My first presentation was on something I had some thoughts about before my arrival:
Are recent democratic transitions in Latin America better explained by domestic or international factors? (I asked a version of this question to my 12th graders last year at BSGE- my answer will be a bit more complex)
My strategy for approaching this question was as follows.
First, I needed to do as much of the reading as I could. This presentation was on the second day of class. The course schedule was a two hour seminar from 9-11am, a 90 minute lecture on a very current international topic, not necessarily related to the course from 11.30-1pm, and independent study time from 1.45-5.30, and then a discussion session on the day's lecture from 5.30-6.30. Dinner ended at 7.30, and after that there was time to continue working if need be. This schedule didn't allow enough time to read all 10-14 items for the class, so I had to be strategic. But for the presentations, I needed to read as much as humanly possible. So here's what I read for the first question:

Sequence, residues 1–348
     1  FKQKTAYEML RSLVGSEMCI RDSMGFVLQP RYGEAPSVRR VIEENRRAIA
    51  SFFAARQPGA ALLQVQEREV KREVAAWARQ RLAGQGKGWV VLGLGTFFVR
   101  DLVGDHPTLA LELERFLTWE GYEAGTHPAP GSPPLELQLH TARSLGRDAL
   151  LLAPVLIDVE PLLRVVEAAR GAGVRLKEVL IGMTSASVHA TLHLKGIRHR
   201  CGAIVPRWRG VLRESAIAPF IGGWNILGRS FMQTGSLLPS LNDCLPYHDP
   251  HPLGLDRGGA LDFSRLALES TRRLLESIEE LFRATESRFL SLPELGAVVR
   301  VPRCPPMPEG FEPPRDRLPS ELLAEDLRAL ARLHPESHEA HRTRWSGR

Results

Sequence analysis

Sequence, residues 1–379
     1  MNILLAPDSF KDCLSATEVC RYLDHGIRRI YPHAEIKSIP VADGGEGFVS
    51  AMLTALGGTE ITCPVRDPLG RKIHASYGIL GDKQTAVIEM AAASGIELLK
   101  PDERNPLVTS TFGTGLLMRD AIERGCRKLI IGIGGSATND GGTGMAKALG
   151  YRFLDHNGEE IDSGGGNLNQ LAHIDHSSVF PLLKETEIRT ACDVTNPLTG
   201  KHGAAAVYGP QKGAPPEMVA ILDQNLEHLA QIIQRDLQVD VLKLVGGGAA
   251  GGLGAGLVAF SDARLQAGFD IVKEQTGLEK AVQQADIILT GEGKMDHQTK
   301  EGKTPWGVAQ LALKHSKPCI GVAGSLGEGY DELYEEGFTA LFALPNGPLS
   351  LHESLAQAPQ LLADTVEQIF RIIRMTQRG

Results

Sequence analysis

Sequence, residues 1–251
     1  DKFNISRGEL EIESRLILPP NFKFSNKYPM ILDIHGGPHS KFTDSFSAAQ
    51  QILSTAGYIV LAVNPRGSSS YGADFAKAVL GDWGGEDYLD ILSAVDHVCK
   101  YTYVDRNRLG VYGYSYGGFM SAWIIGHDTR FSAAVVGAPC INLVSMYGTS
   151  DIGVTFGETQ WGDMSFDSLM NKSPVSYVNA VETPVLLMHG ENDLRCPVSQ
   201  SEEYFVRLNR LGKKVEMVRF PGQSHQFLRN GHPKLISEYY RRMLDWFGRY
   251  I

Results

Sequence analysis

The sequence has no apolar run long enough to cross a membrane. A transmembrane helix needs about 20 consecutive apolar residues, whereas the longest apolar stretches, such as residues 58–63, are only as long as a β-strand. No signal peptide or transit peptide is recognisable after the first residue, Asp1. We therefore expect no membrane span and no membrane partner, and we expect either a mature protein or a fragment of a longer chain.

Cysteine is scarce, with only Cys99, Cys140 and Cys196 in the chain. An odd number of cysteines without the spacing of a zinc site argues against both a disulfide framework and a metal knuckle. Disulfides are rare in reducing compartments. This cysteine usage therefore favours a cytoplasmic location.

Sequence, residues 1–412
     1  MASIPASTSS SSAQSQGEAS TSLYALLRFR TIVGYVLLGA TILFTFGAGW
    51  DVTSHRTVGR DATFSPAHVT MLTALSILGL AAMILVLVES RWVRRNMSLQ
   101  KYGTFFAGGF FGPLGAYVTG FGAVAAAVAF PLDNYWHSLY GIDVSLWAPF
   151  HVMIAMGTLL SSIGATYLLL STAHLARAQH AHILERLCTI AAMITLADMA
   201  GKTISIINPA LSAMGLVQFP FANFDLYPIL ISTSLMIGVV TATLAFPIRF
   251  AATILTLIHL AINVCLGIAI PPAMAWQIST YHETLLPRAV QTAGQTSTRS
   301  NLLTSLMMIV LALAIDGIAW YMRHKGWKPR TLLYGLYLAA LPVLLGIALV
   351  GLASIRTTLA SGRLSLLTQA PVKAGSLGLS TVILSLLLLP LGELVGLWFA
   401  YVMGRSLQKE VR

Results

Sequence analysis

I downloaded as many articles as I could from databases or from the internet. The large majority of what I could access digitally I downloaded before I arrived. One of those articles was by an scholar whose work we kept coming back to - Scott Mainwaring. I downloaded the article form the list on the transition to democracy in Brazil. Since I had this article digitally, I uploaded it to the app Notability, and annotated it on the iPad. (This way I didn't have to print out thousands of pages.) A sample of my annotations of this article:
You will notice that many of the annotations mention other people. I tried to be present and active in reading everything - noting sources that were in conversation with each other, making connections, and asking questions. Some of the questions asked were never answered, some of them were.
Once I read as many of the pieces as I could, I organized a set of notes and used those notes to speak for about 10 minutes on this issue. I set the stage for the discussion rather than answering the question.
My notes document is 830 words long. In other classes offered in the same summer session, a number of people created elaborate powerpoints and spoke for 20 to 30 minutes, giving definitive answers and arguments about their topics. I am really glad that this was not my experience.
But I felt like I organized ideas well, made sense when I presented, and didn't skip obviously crucial points. So my mission was accomplished...
(For what it's worth, my final answer was that domestic factors were in the end more significant.)